The annual Cybersecurity Conversations Report serves as a guide for executive-level cybersecurity conversations, showcasing the trends and challenges we expect to be top-of-mind for security leaders in the coming months and ways to drive the conversation around cybersecurity within your enterprise.
In last year’s annual Cybersecurity Conversations Report, we emphasized the need to embrace constant change across the threat landscape – this is the only thing that has not changed !
Despite the rapid growth of cyber threats and shifting economic landscape, we did see several predictions from last year’s report come to fruition in 2022:
- Continued proliferation of identities: The complexity of digitally transformed enterprise environments – including a diverse set of endpoints, identities and internal and third-party access points – have created more vulnerabilities and opportunities for threat actors. Identity compromise continues to be adversaries’ primary mode of attack.
- Increasingly sophisticated attack techniques: From big game hunting (BGH) to the growth of ransomware-as-a-service (RaaS) and data leak sites (DLS), data extortion threat actors continue to innovate and evolve their tactics. New threat tactics such as Exmatter, discovered last year by the Cyderes special operations team, indicate threat actors are actively in the process of staging and developing the capability to outright destroy rather than encrypt data.
- An overwhelming amount of security alerts and talent challenges: Increased sophistication and frequency of cyber-attacks has created an unmanageable deluge of alerts. Coupled with the continued talent shortage, more enterprises are turning to outside providers to manage these alerts, and those providers are consolidating to provide more comprehensive cybersecurity support for their customers.
While the assertions in last year’s report held true in many regards, some events simply could not have been predicted. For instance, the Russian invasion of Ukraine placed cybersecurity at the forefront of global conversations as concerns of cyber warfare and attacks on critical infrastructure spread across Europe and beyond. Business leaders also began to speculate whether threat actors would be emboldened to attack targets with greater force and frequency amid the chaos.
Later in the year when Joe Sullivan, former CSO of Uber, was found guilty of obstruction of justice and concealment of a felony, there was a new precedent set for security leaders. Suddenly, CISOs could face the added consequence that they could be held personally responsible for breaches.
In fact, there is an increasing number of laws coming out that aim to add extra layers of governance and oversight of cyber risk. For example, the SEC proposed last year that it would require public companies to disclose a breach within four days. Four days ! Not only that, but the White House is also doubling down on regulation for industries considered critical to national security.
We were already starting to see the perception of cybersecurity shift at enterprises of all sizes, with leaders embracing security initiatives at the board level rather than confining them to IT. But the events of 2022 and increased governance has further expedited this shift. In fact, the National Association of Corporate Directors (NACD) now recommends that boards of directors include at least one member with an information technology background.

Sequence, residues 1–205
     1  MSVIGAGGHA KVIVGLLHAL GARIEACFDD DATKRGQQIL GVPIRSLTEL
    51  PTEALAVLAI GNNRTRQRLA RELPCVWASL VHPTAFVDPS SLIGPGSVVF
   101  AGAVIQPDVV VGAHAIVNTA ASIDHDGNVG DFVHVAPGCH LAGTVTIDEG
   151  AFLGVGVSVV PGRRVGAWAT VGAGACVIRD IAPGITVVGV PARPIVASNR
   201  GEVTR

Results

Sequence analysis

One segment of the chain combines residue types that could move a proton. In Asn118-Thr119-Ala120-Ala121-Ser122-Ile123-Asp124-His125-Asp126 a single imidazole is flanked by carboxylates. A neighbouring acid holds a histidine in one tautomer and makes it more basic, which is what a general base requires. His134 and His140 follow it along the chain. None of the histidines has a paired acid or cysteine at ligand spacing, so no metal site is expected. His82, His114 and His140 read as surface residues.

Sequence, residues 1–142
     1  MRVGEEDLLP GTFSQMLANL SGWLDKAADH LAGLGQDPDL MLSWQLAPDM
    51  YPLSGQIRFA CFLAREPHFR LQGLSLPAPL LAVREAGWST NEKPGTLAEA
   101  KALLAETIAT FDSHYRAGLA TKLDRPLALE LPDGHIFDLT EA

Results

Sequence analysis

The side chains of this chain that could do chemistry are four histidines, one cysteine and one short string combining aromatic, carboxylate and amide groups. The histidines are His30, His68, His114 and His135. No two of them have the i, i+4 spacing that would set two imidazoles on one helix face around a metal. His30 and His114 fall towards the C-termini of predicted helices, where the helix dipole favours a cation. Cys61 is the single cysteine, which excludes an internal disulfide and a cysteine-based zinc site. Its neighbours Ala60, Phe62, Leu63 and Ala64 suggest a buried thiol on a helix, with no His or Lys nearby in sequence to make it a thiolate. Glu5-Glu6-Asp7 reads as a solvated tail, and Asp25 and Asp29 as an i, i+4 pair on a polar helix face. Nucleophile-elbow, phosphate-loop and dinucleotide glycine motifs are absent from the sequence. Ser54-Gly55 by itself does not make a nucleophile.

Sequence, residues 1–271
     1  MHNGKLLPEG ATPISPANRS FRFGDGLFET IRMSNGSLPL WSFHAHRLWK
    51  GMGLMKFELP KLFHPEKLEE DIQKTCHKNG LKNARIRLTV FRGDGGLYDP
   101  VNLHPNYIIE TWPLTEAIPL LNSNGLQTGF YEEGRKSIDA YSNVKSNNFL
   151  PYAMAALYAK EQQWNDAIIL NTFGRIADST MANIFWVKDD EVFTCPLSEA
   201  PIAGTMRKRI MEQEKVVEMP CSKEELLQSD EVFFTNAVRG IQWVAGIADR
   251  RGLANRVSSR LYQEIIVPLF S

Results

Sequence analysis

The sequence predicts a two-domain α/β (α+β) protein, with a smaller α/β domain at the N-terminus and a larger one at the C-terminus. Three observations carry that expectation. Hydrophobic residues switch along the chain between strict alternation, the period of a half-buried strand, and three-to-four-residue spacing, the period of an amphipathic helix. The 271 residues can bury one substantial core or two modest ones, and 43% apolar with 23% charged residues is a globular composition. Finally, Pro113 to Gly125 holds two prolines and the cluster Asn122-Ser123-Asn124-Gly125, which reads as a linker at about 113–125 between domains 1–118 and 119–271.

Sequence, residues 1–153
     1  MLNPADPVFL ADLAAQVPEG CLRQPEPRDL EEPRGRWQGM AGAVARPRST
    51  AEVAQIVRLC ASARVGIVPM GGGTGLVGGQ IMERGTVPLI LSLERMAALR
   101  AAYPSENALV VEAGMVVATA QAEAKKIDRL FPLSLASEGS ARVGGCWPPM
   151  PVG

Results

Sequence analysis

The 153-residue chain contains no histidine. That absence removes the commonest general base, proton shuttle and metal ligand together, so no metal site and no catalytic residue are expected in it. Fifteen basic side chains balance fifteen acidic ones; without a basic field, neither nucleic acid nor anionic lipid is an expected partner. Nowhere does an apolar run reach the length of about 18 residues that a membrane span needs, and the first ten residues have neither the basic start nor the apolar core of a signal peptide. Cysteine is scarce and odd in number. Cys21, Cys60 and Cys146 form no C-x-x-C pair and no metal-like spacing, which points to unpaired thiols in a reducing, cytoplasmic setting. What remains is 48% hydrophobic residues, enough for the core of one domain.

The reality is that security leaders are no longer siloed — they now have a very important seat at the table.
To truly drive impact within their organization, however, they must evolve to take a security-oriented approach to the business, focus resources more strategically and make it a priority to connect with leaders from across the organization.
This year, our Cybersecurity Conversations Report is dedicated to the conversations we recommend having with your executive teams to do just that, helping you to mature your security program and stay ahead of the evolving threat landscape.
- Look towards automation to modernize your SOC and focus resources on more strategic efforts
- Engage offensive security to identify your greatest risks and map your security strategy
- Make the business case for building a robust security program to your executive leaders
Last year proved to be another year full of unexpected challenges and increased pressure on security leaders, but the events of the past year are putting us on the path to an even more secure, cyber-focused future. The cyber industry is one of the most resilient, innovative communities I’ve ever been a part of – I have full confidence we will rise to the challenge of building safer, more secure enterprise organizations. I can’t wait to see what we’ll accomplish in 2023.
To Your Success,
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I’ve been in infosec for over 30 years and have had the great privilege of evolving and learning as a cybersecurity executive in a space I love. This blog has been set up to help me share the insights I’ve gained and experiences I’ve had with all of you. Every month I will post some advice and recommendations for my fellow Cyber CEOs – from current events to forecasted trends, and enterprise security best practices.
Let’s collaborate and communicate as we strive to keep our organizations (cyber) safe